Insurance 101

In South Africa there are various forms of car insurance, each with pros and cons. What are they, and how do you make sense of it?

If you buy a car that is financed, your financial borrower will insist on insurance as technically the financial institution owns the car until it is fully paid off. If you buy privately and pay in cash, the onus is on you to take out insurance, or not…

 

NO INSURANCE

A South African reality is that around half of all cars on the road have no insurance cover.

First and foremost, insurance is there to take the financial risk off your shoulders to cover all costs related to the accident. Should you be involved in an accident and have no cover, you are liable to fork out the costs for repairs not only to your own car, but any other party involved in the accident.

If you cannot afford to repair your own car, you will be without transport, and what if you run into a Rolls-Royce or a Ferrari – you could lose your house or go bankrupt in paying for those repair costs, as the owner of that car (or its insurer) has every legal right to sue you for damages incurred.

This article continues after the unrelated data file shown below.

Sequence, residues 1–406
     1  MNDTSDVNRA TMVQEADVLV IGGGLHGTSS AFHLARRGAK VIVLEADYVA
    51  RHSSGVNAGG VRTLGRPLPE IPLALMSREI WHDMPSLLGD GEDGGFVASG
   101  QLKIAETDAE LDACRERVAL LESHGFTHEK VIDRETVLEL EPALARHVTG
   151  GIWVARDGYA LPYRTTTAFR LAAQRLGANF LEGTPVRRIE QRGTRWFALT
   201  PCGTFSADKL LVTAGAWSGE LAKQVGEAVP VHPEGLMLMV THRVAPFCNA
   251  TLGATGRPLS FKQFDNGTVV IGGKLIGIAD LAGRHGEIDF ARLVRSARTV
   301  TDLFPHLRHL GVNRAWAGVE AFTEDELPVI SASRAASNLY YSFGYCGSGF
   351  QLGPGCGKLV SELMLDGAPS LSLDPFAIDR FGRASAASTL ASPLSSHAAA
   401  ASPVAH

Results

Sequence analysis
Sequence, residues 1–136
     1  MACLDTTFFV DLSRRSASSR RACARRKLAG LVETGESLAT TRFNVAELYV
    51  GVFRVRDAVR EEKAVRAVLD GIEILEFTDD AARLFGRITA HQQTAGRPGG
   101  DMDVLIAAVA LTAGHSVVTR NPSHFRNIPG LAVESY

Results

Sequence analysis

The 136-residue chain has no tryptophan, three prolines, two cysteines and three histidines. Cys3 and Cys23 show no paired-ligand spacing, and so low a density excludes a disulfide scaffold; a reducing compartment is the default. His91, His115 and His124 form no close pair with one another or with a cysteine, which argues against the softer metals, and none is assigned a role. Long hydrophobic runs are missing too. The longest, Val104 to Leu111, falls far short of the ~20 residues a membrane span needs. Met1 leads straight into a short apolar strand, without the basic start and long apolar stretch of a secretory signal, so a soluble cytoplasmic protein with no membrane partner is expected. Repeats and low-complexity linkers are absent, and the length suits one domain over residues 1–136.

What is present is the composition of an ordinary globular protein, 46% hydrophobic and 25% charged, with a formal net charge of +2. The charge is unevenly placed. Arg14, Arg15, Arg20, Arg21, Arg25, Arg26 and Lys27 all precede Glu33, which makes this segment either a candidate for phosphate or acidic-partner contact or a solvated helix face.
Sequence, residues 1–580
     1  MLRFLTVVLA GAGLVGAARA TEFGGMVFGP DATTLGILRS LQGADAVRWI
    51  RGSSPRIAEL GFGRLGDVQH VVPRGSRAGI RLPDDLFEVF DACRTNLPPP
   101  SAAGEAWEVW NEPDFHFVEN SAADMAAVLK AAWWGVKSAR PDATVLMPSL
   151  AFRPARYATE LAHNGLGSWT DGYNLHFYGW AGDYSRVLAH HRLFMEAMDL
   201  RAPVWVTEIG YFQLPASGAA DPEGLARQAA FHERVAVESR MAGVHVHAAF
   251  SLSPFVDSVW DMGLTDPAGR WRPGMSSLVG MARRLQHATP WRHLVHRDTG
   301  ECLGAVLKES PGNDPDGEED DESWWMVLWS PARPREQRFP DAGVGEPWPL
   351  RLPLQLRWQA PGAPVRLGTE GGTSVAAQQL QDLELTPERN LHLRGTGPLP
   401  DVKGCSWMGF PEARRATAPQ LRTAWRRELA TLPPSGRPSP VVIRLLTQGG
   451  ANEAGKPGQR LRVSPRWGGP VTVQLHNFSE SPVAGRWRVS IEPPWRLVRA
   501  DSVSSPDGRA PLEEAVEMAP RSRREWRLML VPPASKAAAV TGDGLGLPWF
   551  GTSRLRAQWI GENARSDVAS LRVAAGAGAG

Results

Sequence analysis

Should you take out no insurance cover whatsoever, you might want to re-think your strategy.

 

THIRD PARTY

This is the cheapest form of insurance. It covers the costs of other parties you may have an accident with, but you are still liable for repairs costs to your own car. This way, the Rolls-Royce and Ferrari are covered should you be responsible for its damage.

 

THIRD PARTY, FIRE & THEFT

The same as above, but the insurer will pay out should you lose your car through accidental damage such as a fire, or if your car is hijacked or stolen.

 

COMPREHENSIVE COVER

Obviously the most expensive form of insurance, but this time your insurer will pay out for damages to your own car as well as that of other parties involved in the accident. Your insurance premium will be determined by our excess amount, which you can negotiate with the insurer – the higher the excess fee, the lower the premium, and vice versa.

Always keep a ‘rainy day’ fund so you can at least cover the excess amount when the need arises.

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